The path to this door started, without any doubt, with the purchase of a book on the journals and drawings of the English artist, Keith Vaughan in 1972, and one ink and gouache painting in particular:
“Group of Figures - Amacuzac, 1959“(1).
This small coloured drawing, only 36.8x31.8cm, had such a fundamental impact on me I have been continuously drawn back to it over all the intervening years frequently making copy studies of it. If only I could make images like that I would be a happy man.
What I saw in it was the simplified forms of figures overlapping one another in a sort of free for all jumble of shapes and lines, and although the illustration in the book is not in colour, in my head I could imagine what the real thing must look like. In many other paintings of his he would often use yellow ochre and blues as well as black.
What also fascinated me was the suggested shapes and forms of some background setting, perhaps a doorway, a wall? It was this ambiguity that always suggested more and always brought me back for more.
2.00 Keith Vaughan:
His Journal was begun at the outbreak of World War II and, having registered as a Conscientious Objector he joined the St John Ambulance Corp., there would be no opportunity to continue ‘normal’ life as a painter. However, with his life no longer his own, there would be many periods of inactivity to pass in the company of others which he recorded in writing and with small drawings, it’s purpose was “therapeutic and consolatory” (2). His journal continued for 26years until his death in August 1965.
Influenced , as many artists of his time (and still are), by Pablo Picasso, with his simplicity of line and form, I in turn have been influenced by Vaughan’s manner of drawing. The quality of a portrait like this small study of a young man with the assured lines and solidity of form has been my inspiration to draw better:
“Study of a Student”, 1950, 20x28cm.
But it is his colour studies such as this one of figures in a landscape which point towards a semi-abstract style of painting:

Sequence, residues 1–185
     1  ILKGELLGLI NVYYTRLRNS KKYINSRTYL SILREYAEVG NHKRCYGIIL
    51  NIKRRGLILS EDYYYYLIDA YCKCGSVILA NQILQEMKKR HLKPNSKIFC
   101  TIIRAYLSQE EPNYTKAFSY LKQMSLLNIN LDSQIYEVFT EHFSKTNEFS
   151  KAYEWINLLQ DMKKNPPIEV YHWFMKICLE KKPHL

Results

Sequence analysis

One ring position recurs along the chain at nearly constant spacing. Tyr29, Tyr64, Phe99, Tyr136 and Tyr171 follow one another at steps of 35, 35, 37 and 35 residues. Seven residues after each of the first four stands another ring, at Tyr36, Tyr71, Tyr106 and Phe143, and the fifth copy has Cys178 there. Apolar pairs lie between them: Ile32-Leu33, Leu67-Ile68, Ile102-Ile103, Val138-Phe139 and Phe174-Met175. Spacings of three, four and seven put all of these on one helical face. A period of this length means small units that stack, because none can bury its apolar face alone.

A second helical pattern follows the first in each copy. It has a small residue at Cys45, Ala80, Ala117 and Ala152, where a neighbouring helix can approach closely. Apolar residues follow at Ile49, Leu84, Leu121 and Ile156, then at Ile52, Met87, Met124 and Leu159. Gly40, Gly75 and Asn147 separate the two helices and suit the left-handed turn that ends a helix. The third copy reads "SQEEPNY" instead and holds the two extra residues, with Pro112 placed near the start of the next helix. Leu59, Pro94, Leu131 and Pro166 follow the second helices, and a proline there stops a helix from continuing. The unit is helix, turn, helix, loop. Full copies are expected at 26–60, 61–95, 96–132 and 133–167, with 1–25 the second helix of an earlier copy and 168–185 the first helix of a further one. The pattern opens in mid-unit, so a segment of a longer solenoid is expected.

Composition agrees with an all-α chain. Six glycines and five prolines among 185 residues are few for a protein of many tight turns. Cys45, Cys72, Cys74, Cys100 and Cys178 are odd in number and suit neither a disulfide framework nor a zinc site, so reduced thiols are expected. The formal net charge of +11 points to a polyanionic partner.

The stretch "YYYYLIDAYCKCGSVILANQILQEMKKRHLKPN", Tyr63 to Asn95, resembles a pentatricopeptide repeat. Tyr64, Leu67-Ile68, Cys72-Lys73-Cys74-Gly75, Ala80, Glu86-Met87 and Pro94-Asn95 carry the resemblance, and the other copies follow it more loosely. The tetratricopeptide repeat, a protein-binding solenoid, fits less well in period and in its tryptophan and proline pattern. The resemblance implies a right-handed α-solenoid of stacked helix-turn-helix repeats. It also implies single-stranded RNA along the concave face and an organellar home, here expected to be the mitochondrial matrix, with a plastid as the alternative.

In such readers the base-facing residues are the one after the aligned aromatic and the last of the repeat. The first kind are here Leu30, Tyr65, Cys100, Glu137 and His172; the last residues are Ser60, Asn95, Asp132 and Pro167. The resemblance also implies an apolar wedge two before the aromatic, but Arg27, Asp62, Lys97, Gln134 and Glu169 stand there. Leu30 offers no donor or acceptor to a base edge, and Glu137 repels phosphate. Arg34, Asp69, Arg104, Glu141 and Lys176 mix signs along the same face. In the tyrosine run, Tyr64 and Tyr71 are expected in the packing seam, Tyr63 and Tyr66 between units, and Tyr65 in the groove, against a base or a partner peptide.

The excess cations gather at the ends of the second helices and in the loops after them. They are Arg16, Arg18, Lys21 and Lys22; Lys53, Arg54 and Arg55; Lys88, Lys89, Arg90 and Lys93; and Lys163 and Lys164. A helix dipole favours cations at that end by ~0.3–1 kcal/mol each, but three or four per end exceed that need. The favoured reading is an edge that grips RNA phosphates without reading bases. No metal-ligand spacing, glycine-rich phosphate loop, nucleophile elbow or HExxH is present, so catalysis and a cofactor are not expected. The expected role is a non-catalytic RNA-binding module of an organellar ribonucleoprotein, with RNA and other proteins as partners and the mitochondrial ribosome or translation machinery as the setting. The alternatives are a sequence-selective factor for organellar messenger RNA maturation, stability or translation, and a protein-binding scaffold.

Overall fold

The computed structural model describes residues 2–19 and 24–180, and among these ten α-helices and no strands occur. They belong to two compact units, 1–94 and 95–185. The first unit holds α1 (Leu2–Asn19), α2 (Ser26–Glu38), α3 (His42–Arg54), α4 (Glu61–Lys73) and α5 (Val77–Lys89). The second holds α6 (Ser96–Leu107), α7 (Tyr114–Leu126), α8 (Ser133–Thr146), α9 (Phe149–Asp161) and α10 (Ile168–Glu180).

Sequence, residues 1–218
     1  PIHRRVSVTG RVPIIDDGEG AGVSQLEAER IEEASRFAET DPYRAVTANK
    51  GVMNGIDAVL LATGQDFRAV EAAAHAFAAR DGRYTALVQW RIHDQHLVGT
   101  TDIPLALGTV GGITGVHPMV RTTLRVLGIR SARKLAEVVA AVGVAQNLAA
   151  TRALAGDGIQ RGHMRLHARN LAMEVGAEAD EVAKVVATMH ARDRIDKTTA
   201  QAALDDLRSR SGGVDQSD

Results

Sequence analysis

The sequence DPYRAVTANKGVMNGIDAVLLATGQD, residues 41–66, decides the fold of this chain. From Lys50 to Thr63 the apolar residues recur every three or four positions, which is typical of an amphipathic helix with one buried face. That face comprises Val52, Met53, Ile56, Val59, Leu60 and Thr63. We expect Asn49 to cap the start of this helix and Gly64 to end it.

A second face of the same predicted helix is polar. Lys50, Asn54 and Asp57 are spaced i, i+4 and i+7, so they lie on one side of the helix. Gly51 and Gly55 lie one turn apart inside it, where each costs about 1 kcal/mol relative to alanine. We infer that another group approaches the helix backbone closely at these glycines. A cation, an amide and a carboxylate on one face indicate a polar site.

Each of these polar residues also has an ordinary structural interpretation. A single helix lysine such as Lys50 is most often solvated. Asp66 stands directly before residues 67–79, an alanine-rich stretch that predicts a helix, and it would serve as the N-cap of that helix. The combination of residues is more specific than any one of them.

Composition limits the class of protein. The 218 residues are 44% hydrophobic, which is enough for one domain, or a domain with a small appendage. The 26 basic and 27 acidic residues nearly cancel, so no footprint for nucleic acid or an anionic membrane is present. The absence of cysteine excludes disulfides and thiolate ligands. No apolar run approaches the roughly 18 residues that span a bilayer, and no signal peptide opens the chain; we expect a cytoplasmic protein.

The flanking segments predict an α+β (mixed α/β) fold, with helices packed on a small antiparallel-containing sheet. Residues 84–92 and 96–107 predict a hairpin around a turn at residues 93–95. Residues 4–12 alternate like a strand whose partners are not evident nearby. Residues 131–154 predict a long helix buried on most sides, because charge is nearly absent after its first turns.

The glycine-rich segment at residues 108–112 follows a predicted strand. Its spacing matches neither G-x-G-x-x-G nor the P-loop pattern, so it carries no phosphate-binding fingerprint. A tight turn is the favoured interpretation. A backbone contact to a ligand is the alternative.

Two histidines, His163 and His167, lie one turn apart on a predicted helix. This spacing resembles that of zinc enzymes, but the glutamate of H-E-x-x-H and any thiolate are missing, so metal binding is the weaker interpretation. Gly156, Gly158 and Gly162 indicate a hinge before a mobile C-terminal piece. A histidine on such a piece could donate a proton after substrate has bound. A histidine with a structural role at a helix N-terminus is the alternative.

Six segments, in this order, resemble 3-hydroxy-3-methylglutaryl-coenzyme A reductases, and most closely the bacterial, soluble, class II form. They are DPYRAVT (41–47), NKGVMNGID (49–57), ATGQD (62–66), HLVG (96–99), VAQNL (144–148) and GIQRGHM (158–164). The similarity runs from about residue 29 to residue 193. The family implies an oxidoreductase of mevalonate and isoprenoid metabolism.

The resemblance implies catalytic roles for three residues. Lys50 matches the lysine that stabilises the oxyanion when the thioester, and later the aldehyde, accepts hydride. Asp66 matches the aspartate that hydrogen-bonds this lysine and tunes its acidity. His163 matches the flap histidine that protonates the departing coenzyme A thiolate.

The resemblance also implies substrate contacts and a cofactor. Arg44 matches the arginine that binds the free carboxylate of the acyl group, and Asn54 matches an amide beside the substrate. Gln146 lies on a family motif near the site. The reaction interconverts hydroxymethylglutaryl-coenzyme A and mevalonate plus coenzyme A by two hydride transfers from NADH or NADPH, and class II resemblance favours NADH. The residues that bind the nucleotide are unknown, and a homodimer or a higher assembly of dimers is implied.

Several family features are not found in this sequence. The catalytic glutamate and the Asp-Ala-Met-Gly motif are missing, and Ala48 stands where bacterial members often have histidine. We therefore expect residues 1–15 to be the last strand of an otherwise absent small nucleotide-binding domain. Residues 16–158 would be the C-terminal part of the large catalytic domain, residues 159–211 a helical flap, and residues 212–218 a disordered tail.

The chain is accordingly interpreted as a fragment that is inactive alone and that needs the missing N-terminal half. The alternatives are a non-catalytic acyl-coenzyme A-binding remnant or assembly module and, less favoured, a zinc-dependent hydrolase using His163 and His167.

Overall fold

“North African Scene”, 1965.
The figures are distilled down to simple, mainly rectangular, shapes and slabs of colour but also become part of the background such that you are unsure where reality begins and ends, an idea derived largely from Picasso’s Cubism.
We see that concept again in many of Vaughan’s studies for paintings like this one:
“Boy with a Jug”, 1949.
The boy merges with his background and is also overlaid by unspecified elements in front.
In this charcoal study for a painting the features of the figure are further simplified and have become somewhat unnatural making for a more dramatic graphic image:
In the following illustrations of some of his paintings made during the 1960’s he has pushed the figurative much further into the abstract and much closer to the paintings of Nicholas de Stael whose work I’m sure he would have been aware of:
“Three Figures in a Landscape”, 1960.
“Study for Lacoon” 1964.
But it is the paintings in which the figures are simplified into fairly amorphous shapes standing and sitting in coloured settings which I enjoy most and would like to emulate. I like very much the idea of seeing a painting initially from a distance as an abstract with the colours and large shapes attracting my attention and interest but, on approach and closer inspection recognising the figurative elements:
“Ninth Assembly”, 1976.
“Group of Dinkas”, 1963.
“Assembly of Figures VII”, 1964.
This painting in particular I find very satisfying with the figures grouped closely together making a single mass of light browns and blues set against a field of cobalt and violet. I can’t say what the curved element may be but like the way it curves round the figures like a hook to draw us in.
3.00 Nicholas de Stael.
During the 1950’s, a period of painting I particularly enjoy, de Stael, a Russian-born émigré to Paris, was making his own highly colourful semi-abstract landscape and figurative paintings. His style, however was more abstract than Keith Vaughan’s and carried out with his own heavily impasto’d manner in oils:
“Figures by the Sea”, 1952.
The figures are presumably lying on a beach mat and standing perhaps having a picnic by the seaside which can be seen as a patch of blue-grey, top left corner. The figures and surrounding objects have been simplified to rectangular shapes of strong colour laid over a dark background which has been allowed to show through at the edges. Their faces are only suggested by vertical coloured oblongs laid side-by-side.